Africa And Aboriginal Tuesdays: A Former Sierra Leone Native Talks About His Time With The Rebels And The Search For ĎBlood Diamondsí by Artemis Coughlan
Silence used to be Frank Laborís constant friend.
At 15, the Sierra Leone native couldnít do what normal teens do, but instead had to muster all of his strength from the depths of his soul to survive and not scream from the pain.
If Labor did scream, that meant he would die that day at the hands of rebels in Sierra Leone who went from village to village, pillaging and robbing for food, their youth and blood diamonds.
Because diamonds are abundant in Sierra Leone, rebels would move from village to village searching for the priceless gems that would help finance their war against the countryís government. Due to the amount of blood spilled through murder and torture, the diamonds earned the nickname Ďblood diamonds.í
Laborís village, Mekne, was attacked in 1998 by a band of rebels. During the attack the teen tried to run, but a gunshot wound to the leg stopped him. He watched the rebels rob the village and burn it to the ground.
The rebels moved on, taking him with them.
"During the raid, they killed most of my family," Labor said, fighting a stutter to get his words out. "It was horrible."
For the next two years the teen-turned-captive was forced to follow the rebels as they went from village to village in search of diamonds -- blood diamonds -- the rebels would use to buy guns.
"I carried their heavy ammunition boxes and did whatever they wanted me to do," he said. "I want people to know that I was one of those captured boys and Iím here to tell people about it. I want the people of America to know the real story.
"It was a bad, bad experience. I was beaten and tortured every day. It was the diamonds that caused the war," Labor said.
Those guns would be used to fight native and Nigerian soldiers to gain political control of Sierra Leone.
Two weeks before Labor walked through the front doors of The Trentonian, he saw the movie "Blood Diamonds," the movie dramatizing the two-year war on the western coast of Africa.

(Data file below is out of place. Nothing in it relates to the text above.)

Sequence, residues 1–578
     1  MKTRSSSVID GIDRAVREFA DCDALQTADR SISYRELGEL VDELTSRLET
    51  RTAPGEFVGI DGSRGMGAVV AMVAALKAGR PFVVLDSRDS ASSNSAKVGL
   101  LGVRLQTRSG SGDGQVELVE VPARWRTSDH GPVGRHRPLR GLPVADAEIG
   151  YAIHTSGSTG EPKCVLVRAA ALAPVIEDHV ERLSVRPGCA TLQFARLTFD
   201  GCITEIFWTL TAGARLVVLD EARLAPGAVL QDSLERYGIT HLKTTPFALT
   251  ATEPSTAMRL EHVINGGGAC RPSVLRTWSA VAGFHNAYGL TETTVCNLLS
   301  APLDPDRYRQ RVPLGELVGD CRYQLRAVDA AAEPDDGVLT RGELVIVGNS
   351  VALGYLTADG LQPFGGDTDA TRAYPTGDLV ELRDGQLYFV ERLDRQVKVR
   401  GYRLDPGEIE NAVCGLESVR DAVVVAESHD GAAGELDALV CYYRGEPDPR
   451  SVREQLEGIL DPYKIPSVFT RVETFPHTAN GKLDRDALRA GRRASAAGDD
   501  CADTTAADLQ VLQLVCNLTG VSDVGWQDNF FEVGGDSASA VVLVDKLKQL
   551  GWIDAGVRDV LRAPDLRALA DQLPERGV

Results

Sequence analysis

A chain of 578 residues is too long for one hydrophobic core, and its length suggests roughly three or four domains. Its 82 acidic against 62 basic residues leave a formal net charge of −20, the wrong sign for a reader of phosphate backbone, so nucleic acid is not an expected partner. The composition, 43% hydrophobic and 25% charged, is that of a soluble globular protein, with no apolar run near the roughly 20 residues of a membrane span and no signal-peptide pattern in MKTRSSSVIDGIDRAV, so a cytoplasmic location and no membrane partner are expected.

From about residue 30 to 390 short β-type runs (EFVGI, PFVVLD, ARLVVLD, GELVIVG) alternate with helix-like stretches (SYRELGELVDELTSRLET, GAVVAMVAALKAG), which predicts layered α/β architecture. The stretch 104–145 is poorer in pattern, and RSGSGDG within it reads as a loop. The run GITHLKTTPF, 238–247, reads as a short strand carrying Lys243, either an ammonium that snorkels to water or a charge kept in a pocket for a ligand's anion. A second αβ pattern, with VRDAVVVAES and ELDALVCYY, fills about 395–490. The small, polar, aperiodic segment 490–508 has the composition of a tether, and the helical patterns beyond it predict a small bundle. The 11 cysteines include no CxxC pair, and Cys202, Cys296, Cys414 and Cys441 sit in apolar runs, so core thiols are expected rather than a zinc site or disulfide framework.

Labor saw and lived those horrors, the tortures, and the murder and mayhem reenacted in the movie.
The visions the now-23-year-old saw made him relive those years of his lost youth and innocence.
Every day since he saw the movie he has walked from the Rescue Mission on Ewing Street where he is currently living to the soup kitchen off Southard Street three times a day for meals, and he passes The Trentonianís front door.
One day last week he mustered up the emotional strength to walk with a marked limp through those doors, and ask to talk to a reporter.
"There were no love scenes in my life, or that I saw," Labor said referring to the love scenes featured in "Blood Diamond."
"But, the rest of the movie was real. It was very real and true. The movie took my memory back. It reminded me. I cared for all those people who died and the ones who were hurt. I just want to send my love to those people. They are in my heart."
Many men and boys his age voluntarily joined the rebels because they believed they would get rich selling the blood diamonds. It was the lure of the money and riches that turned brother against brother during that horrific war, Labor said.
Labor lived life as a rebel between 1998 and 2000. Just above his right ankle is a gunshot wound, where the rebel bullet stopped his initial rush toward freedom.
The flesh all over his body was burned cruelly with fire-heated, red-hot flat knife blades. Labor said he didnít cry out in pain when the rebels marked him with the searing hot blades, or during the many times he was savagely beaten.
"The rebels wanted boys who wouldnít cry," he said. "Because if you did, they would kill you."
They didnít want boys who cried because their crying would bring attention to the ragtag group and possibly get them captured by native or Nigerian forces, he related.